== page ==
Skip to 0 minutes and 7 seconds MICHAEL ANDERSON: So let’s look at another way of comparing two fractions. So we’ve got our 2/5 and our 3/7 again, and we’d like to know which one’s larger. Is there another way of doing this?

Skip to 0 minutes and 17 seconds PAULA KELLY: Yeah, there’s lots of methods. So this time, rather than compare numerators, we’re going to have a look and make equal denominators. OK, so let’s start again, same chocolate bar, same as yours. I’m going to have 2/5.

Skip to 0 minutes and 35 seconds MICHAEL ANDERSON: And I’ll shade in three of the sevens here.

Skip to 0 minutes and 46 seconds PAULA KELLY: OK, so if we’re going to compare these two fractions, we could do with a common denominator. So we’re thinking of a number, the lowest common denominator. So what number do 5 and 7 go into?

Skip to 1 minute and 1 second MICHAEL ANDERSON: So if we think of the 5 times tables or the 7 times tables, which number’s in both? Well, I’m going up in 5’s– 5, 10, 15, 20, 25, 30. 35 seems to be the first one, because that’s also in the 7 times tables. So should we go for that?

Skip to 1 minute and 16 seconds PAULA KELLY: Let’s do that. And if you weren’t sure, what we could do is, list our 5’s, list our 7’s, and look for the first number to appear in both lists. OK, so we want to have a fraction of 35. So for my 2/5, if I notice that I have multiplied this by 7, to keep our equivalent fraction, the amount I’m eating is mostly the same. Or also times this by 7. So I should have of an equivalent fraction, 40/35.

Skip to 1 minute and 46 seconds MICHAEL ANDERSON: So what you’ve done there is taken each fifth and you divided it into seven equal parts. And then we’ve got five lots of seven, which gives us our 35. And these two powers have been split, again, into sevenths. And that gives us 14 smaller parts out of 35.

Skip to 2 minutes and 4 seconds PAULA KELLY: Perfect.

Skip to 2 minutes and 5 seconds MICHAEL ANDERSON: OK, so I’m going to have to try and do something similar with my 3 over 7. And I noticed that you are multiplying your 5 by 7 to get 35. And I’m going to kind of use that information, because I know that, if I multiply 7 by 5, I’m going to get 35 as well. So whatever I do to the bottom number, I also have to do to the top number. So if I multiply 7 by 5, I’m also going to multiply this 3 by 5 as well. So three lots of five or five lots of three would give us 15. So the equivalent fraction of 3 over 7 is 15 over 35. And we can compare them.

Skip to 2 minutes and 48 seconds PAULA KELLY: So yeah, we can compare. We’ve got the same denominator. Visually, we can see we have the same chocolate bar. It’s still the same size, still the same width. But each one of these has both been cut into 35 pieces.

Skip to 3 minutes and 1 second MICHAEL ANDERSON: OK, so all the pieces here are exactly the same size as the pieces here.

Skip to 3 minutes and 6 seconds PAULA KELLY: Perfect. I’m going to have 14 of them. You’re going to have 15 of them.

Skip to 3 minutes and 11 seconds MICHAEL ANDERSON: So I think this one, 3 over 7, is going to be larger than 2 over 5.

Skip to 3 minutes and 15 seconds PAULA KELLY: I think, yes, you’ve done a lot of this. So if we put in our 14, so we’ve got 1, 2, 3, 4, 5, 6, 7, 8, 9, 10, 11, 12, 13, 14. I can see it’s still the same height. So this is how much I’m going to have.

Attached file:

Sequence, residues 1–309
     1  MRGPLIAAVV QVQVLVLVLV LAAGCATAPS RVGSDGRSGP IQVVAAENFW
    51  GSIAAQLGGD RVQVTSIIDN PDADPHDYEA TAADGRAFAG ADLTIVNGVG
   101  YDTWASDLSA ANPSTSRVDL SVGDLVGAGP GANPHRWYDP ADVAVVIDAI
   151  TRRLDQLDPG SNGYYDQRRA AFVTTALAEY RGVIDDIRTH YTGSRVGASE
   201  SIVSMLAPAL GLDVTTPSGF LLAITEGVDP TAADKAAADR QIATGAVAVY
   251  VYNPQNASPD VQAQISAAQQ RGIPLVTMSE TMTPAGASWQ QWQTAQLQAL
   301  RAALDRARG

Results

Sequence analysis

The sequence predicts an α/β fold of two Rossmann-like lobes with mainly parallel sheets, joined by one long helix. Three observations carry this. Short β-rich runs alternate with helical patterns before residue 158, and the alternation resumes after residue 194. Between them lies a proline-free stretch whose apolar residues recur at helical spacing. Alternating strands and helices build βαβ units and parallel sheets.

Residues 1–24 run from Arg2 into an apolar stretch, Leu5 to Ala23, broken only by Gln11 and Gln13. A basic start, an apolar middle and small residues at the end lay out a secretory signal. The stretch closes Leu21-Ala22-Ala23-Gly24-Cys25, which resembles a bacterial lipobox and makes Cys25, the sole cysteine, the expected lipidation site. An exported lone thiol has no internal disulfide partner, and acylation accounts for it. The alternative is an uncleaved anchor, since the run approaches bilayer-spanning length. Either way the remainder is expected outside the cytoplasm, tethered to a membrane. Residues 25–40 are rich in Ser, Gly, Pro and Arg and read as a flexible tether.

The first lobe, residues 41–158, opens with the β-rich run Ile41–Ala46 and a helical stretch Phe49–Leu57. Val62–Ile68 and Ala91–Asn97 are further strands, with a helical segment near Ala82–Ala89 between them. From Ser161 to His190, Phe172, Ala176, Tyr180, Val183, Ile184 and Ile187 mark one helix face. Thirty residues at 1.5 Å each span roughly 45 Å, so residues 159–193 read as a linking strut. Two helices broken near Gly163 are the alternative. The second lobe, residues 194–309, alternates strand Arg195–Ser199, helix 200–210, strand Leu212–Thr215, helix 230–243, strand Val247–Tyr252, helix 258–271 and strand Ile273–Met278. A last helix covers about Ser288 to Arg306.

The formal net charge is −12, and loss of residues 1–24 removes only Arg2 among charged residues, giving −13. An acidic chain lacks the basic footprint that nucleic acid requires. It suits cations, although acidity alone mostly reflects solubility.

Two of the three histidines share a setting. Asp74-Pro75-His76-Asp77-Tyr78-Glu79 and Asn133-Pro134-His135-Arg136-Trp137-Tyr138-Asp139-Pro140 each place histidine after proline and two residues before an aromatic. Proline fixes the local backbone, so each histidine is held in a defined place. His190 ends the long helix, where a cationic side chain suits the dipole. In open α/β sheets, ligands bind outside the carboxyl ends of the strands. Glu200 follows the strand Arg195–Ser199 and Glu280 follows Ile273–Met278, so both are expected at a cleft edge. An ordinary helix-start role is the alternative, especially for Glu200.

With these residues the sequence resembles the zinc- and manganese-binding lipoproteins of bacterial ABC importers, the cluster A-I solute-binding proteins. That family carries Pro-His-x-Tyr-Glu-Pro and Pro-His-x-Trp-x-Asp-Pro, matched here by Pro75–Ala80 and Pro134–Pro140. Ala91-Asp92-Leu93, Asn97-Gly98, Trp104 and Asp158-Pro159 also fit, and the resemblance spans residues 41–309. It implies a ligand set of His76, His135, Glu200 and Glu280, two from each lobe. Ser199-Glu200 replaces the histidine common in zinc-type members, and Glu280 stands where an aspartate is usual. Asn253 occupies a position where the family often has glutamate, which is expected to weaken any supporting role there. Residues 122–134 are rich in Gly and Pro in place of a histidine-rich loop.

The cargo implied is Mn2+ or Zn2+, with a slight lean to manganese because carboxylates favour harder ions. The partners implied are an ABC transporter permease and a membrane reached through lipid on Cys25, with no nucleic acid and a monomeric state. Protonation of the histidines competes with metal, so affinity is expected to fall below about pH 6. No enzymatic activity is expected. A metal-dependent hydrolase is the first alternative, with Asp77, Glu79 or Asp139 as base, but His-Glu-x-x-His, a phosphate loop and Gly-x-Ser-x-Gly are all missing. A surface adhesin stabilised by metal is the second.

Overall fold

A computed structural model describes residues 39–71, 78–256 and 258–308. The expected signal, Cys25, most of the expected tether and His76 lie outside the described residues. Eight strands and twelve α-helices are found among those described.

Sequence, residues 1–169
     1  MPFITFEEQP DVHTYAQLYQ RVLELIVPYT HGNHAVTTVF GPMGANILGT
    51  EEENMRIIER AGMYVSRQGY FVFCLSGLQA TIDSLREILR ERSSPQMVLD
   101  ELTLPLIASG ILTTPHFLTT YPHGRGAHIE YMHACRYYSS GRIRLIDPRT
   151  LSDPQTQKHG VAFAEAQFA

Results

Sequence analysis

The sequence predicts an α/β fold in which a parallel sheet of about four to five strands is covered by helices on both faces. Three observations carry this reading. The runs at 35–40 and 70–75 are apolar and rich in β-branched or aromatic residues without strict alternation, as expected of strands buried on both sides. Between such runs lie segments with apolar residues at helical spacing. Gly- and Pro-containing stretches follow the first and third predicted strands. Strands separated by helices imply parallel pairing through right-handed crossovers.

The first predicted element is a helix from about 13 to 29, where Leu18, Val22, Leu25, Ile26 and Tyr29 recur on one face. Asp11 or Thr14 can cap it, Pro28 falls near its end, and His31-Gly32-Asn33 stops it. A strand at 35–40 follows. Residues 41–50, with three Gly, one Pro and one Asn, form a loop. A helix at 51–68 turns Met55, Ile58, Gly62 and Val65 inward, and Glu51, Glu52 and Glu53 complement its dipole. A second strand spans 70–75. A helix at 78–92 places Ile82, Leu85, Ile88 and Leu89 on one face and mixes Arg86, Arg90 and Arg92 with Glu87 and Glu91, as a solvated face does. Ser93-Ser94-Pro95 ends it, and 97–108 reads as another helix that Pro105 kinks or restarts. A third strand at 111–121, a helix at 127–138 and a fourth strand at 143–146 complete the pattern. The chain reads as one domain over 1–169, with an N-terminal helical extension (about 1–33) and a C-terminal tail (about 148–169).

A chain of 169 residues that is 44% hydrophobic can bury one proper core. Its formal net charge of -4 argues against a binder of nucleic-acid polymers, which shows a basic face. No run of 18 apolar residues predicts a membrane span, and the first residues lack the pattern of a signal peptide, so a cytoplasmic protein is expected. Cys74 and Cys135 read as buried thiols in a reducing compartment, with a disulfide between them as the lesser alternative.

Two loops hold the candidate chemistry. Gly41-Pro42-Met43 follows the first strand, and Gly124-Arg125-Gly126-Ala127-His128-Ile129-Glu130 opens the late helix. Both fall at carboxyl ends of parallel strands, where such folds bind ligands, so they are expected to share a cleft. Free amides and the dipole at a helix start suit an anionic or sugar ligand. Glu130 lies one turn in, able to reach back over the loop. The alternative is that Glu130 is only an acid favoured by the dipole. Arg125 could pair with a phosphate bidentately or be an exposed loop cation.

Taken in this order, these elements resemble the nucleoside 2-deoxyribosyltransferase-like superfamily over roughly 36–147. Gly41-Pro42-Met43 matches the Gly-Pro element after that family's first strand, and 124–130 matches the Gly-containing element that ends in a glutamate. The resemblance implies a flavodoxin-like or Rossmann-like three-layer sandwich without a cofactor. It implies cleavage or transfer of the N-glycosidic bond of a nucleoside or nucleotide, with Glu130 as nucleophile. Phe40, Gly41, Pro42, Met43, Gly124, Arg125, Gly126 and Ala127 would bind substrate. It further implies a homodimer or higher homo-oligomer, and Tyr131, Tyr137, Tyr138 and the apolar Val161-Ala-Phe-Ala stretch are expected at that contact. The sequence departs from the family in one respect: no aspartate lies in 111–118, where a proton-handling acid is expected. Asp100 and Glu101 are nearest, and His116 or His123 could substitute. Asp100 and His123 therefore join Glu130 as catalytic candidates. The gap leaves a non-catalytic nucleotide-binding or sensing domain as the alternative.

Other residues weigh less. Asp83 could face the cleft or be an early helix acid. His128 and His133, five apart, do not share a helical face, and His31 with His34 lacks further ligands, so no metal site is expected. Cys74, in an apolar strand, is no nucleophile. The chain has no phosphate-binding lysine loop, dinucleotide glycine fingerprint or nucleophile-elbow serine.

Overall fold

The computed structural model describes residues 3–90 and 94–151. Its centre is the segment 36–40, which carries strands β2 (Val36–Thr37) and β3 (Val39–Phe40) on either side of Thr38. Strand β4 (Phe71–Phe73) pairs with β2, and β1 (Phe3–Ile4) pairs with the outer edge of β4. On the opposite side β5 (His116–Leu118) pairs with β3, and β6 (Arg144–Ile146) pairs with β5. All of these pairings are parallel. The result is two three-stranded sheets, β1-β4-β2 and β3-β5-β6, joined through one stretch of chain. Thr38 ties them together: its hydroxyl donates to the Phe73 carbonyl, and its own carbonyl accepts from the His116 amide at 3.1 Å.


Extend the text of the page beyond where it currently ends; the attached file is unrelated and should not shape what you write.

Skip to 3 minutes and 34 seconds Let’s compare that to yours.

Skip to 3 minutes and 35 seconds MICHAEL ANDERSON: So I’ve got to shade in 15. So I’m just going to go across one more, and then shade in all of this part.

Skip to 3 minutes and 46 seconds And still, the height of the shaded bar is going to be the same as the height of this shaded bar, as well.

Skip to 3 minutes and 52 seconds PAULA KELLY: But it’s so much easier to compare. Whereas, this we had different size pieces. Now have an equivalent fraction, an equivalent amount of chocolate. But this time, we can see that all of our pieces are exactly the same size. That’s really helpful because I can see. Although with these numbers, I can see you have an extra piece compared to me, it just really helps show us visually to see you have one extra piece, which is exactly the same size as all of my pieces.

Skip to 4 minutes and 19 seconds MICHAEL ANDERSON: So this method’s possibly more useful than the previous method. Because if we’ve got common denominators, we can compare them very easily. But I can also see that, actually, when I look at 3/7 versus 2/5, 3/7 is larger. And it’s larger by 1/35, 1 out of 35.

Skip to 4 minutes and 37 seconds PAULA KELLY: Perfect.

# Equivalent fractions: comparing denominators

In this video we consider a slightly different method to compare the fractions two fifths and three sevenths.

We use the method of finding equivalent fractions, this time by making the denominators equivalent and comparing the numerators.

Michael and Paula discuss why this method has a possible advantage over the previous method.

## Problem worksheet

Now complete questions 5 to 11 from this week’s worksheet.

The problem worksheet is available from the Downloads at the bottom of step 1.1.

## Teaching resources

A series of simple videos covering the topics we’ve looked at over the last few steps can be found on the STEM Learning website.

- What is a fraction?
- Equivalent fractions
- Writing a fraction in its simplest form
- Comparing the size of fractions
- Calculating a fraction of an amount

© National STEM Learning Centre